Record Store Day celebrates the survival of the indie record store By Edward Jack
Spring is in full swing, and as we ease toward the summer months, we look forward to sharing what we’ve been doing here at Central Square Records, and what we’ve been listening to in the past few months. Over the years, we’ve developed a knack for pairing people with music they may not have time to discover on their own. We are proud to celebrate 16 years of helping folks navigate the musical waters of the last decade and a half. It’s hard to imagine, but Central Square Records is a full-fledged “teenager” now.
By the time you are reading this article, Record Store Day will have come and gone, I’m sure with many delightful stories and hopefully resulting in numerous happy record collectors. Record Store Day is now an international “holiday” for vinyl lovers, traditionally held on a Saturday in mid-April every year, showcasing exclusive vinyl releases, ranging from reissues of classic titles to unique releases of indie and mainstream artists alike. This year’s releases number over 200, including a lost Doors concert from 1966, a special picture disc from Mumford & Sons, and the “Office Space” soundtrack on vinyl for the first time. It’s always a special day for us, to see our friends return year after year, lining up early, and celebrating with us throughout the day. Record Store Day is truly like Christmas for those passionate about vinyl. But stop by when you’re in town, we will certainly have a few items from the big day.
We had an amazing spring, had a blast trading musical recommendations among the spring break crowds, so as we set our sights on summer, we’ve got a few notable recommendations to share.
Nilufer Yanya “Miss Universe”
London-based Nilufur Yanya caught our ear with her single “All In My Head” from her debut album “Miss Universe,” and the rest of the album delivers a smooth and engaging musical journey. From the club-ready “All in My Head” to the cool Sade vibe of “Paradise” and “Baby Blu,” Yanya creates a delightful flow. There’s not a weak track on the album, though high points include the aforementioned tracks, along with “Tears,” “Heat Rises,” and “Melt.”
Frankie & the Witch Fingers “ZAM”
The resurgence of garage and psychedelic rock, and the merging of the two styles has brought us recent greats like Ty Segall, King Gizzard & the Lizard Wizard (yup), and Thee Oh Sees. Frankie & the Witch Fingers, originally hailing from Indiana, are the new dudes on the scene, pitting pop against garage punk, with awesome results. The first track “Dracula Drug” builds the groove slowly before erupting into a frenzy. The rapid-fire tempo of “Work” gives way to more strung out jams, (“Pleasure,” “ZAM”) which maintain the high energy, though the riffs are remarkably complex. If you are a fan of new psych rock, add Frankie & the Witch Fingers to your shelf.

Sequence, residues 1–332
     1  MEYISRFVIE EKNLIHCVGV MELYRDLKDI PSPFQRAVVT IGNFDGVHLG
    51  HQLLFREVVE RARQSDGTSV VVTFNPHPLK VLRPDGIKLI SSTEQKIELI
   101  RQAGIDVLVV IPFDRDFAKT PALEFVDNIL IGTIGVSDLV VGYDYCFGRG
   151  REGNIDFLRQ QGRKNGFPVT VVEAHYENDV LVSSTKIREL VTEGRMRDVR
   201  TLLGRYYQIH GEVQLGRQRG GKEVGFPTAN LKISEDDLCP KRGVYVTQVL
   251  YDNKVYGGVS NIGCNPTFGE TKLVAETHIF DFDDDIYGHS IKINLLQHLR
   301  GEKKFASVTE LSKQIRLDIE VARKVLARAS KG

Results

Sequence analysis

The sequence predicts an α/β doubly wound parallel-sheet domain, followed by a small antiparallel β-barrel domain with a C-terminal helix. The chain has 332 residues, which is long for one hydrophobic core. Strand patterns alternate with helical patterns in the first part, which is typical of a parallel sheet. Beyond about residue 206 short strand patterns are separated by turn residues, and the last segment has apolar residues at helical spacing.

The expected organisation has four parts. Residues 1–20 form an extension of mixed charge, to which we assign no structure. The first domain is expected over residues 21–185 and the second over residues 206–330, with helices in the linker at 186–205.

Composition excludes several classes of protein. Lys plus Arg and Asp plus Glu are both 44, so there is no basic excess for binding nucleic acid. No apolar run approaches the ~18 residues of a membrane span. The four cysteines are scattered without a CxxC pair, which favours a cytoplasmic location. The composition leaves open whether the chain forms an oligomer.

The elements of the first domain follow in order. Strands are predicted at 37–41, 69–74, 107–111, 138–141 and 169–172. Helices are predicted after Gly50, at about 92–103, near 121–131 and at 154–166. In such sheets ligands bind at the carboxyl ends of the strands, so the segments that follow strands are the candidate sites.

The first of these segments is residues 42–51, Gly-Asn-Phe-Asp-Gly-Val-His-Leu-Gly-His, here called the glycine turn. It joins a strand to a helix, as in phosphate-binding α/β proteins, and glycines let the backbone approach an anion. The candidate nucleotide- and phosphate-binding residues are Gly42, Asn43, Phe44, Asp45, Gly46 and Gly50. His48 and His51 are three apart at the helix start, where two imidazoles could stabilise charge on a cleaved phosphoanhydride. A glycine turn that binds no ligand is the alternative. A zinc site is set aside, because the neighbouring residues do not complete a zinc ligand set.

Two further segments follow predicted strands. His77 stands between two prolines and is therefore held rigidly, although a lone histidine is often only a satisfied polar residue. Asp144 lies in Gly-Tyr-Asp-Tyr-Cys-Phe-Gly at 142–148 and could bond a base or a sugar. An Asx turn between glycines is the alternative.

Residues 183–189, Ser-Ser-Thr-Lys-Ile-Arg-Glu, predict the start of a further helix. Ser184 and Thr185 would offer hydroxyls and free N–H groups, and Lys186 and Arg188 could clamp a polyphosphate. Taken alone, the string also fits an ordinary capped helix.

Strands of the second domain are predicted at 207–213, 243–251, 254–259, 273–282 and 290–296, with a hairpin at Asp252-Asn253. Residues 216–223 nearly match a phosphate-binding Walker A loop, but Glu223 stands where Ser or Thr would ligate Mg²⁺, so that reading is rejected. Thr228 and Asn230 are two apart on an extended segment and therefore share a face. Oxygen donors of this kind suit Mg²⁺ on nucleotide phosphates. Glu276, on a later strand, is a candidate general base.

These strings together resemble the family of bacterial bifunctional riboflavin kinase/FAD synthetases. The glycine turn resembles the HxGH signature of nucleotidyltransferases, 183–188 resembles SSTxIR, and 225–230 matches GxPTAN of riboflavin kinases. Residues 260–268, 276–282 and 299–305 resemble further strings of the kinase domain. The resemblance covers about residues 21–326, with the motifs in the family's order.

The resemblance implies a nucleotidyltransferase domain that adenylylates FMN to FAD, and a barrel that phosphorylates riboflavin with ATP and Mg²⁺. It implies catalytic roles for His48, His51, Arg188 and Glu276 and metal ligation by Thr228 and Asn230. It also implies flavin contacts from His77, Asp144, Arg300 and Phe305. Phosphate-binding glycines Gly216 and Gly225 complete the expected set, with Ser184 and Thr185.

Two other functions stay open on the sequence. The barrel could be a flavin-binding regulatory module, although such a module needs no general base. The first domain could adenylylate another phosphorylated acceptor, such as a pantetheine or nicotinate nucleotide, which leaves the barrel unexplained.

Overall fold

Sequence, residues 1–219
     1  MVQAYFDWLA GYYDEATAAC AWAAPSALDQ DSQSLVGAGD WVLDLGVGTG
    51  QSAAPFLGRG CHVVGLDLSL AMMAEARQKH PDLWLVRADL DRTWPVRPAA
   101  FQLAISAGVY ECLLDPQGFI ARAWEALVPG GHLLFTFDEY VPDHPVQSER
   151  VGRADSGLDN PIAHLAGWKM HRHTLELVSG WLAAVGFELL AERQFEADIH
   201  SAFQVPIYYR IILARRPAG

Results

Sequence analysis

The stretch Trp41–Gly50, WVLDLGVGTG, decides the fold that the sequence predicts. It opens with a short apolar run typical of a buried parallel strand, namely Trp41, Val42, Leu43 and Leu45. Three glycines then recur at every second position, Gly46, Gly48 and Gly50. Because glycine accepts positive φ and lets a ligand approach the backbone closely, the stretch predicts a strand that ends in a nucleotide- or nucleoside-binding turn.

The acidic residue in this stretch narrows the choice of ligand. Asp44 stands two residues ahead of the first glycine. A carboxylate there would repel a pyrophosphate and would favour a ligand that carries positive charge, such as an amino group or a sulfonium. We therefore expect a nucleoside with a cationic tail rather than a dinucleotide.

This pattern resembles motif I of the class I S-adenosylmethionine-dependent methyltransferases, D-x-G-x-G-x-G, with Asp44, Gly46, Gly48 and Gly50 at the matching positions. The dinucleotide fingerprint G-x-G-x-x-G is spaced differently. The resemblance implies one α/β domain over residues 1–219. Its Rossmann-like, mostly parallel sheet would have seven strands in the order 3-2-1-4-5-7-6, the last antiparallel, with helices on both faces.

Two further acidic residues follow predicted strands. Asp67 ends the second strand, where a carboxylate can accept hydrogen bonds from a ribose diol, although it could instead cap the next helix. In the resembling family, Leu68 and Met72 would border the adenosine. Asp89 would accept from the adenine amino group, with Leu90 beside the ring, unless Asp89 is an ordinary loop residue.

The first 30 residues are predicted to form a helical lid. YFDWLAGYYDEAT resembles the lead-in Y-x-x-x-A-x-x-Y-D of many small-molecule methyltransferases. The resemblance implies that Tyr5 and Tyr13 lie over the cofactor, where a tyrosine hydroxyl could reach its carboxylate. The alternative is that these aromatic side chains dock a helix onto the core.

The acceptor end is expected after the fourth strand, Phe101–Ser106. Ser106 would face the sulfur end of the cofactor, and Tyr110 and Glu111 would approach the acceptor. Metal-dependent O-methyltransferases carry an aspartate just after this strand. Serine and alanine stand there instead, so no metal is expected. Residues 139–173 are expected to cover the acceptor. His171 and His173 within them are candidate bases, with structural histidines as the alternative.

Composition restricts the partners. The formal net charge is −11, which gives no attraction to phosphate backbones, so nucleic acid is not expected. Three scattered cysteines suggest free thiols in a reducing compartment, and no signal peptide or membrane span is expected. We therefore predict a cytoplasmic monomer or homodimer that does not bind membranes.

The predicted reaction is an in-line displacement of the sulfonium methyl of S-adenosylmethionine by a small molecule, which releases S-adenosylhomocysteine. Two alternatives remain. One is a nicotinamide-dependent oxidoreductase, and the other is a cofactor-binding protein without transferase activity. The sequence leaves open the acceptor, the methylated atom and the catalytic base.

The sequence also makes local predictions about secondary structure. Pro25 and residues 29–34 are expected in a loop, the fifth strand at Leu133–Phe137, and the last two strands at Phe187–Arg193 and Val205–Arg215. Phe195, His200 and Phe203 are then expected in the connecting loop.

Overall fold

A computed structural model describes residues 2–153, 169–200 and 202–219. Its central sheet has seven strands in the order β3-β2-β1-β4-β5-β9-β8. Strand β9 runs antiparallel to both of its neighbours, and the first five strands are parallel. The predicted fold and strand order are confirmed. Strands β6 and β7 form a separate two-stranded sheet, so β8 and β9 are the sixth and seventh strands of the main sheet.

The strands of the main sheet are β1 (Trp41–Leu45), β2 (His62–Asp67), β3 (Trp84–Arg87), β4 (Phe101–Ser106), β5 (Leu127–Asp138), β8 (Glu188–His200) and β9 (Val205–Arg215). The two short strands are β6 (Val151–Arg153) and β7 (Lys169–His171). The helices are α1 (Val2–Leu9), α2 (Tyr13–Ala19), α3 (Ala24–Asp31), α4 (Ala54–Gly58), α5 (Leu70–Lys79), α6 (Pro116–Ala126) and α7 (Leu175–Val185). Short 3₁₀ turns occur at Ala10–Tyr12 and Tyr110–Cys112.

Gary Clark, Jr. “This Land”
Blues phenom Gary Clark, Jr. takes racial inequality head-on with his latest release, “This Land,” exhibiting a bold venture compared to his previous work. From the title track, Clark uses the blues style to convey his heartfelt contempt of modern day racial hypocrisy. From the title track to “Feed the Babies,” Clark makes sure he gets his point across through the gritty blues that he delivers, both vocally and on guitar. The rest of the album tempers Clark’s ire, but the fire comes out on the six-string slayer “Highway 71,” as well as the stellar “Dirty Dish Blues.” But Clark still knows how to straight up rock, evident in “Gotta Get Into Something.” “This Land” finds Clark still has his chops, but now he’s using his prowess of the blues to combat society’s ills.
Ryan Bingham “American Love Song”
Texas troubadour Ryan Bingham describes the theme of his latest album “American Love Song” as a reflection of “growing up in all these different parts of America and experiencing all these different cultures” and how it has shaped him and his music. Having always cultivated a dusty, bluesy style tinged with the sounds of the Texas plains, Bingham’s songs unfold like sun-drenched stories, influenced by Bingham’s nomadic life. “Jingle and Go” kicks of the album with a saloon-style number, delivered by Bingham’s signature desert drawl. And though much of the album deals with the artist’s regional identity and multitude of cultural influence, he does stop to take aim at the politicians of the day, on “Situation Station,” his own personal protest song. Overall, “American Love Song” finds Bingham digging a bit deeper into his subjects, while delivering in the south Texas poetic style we’ve come to admire.
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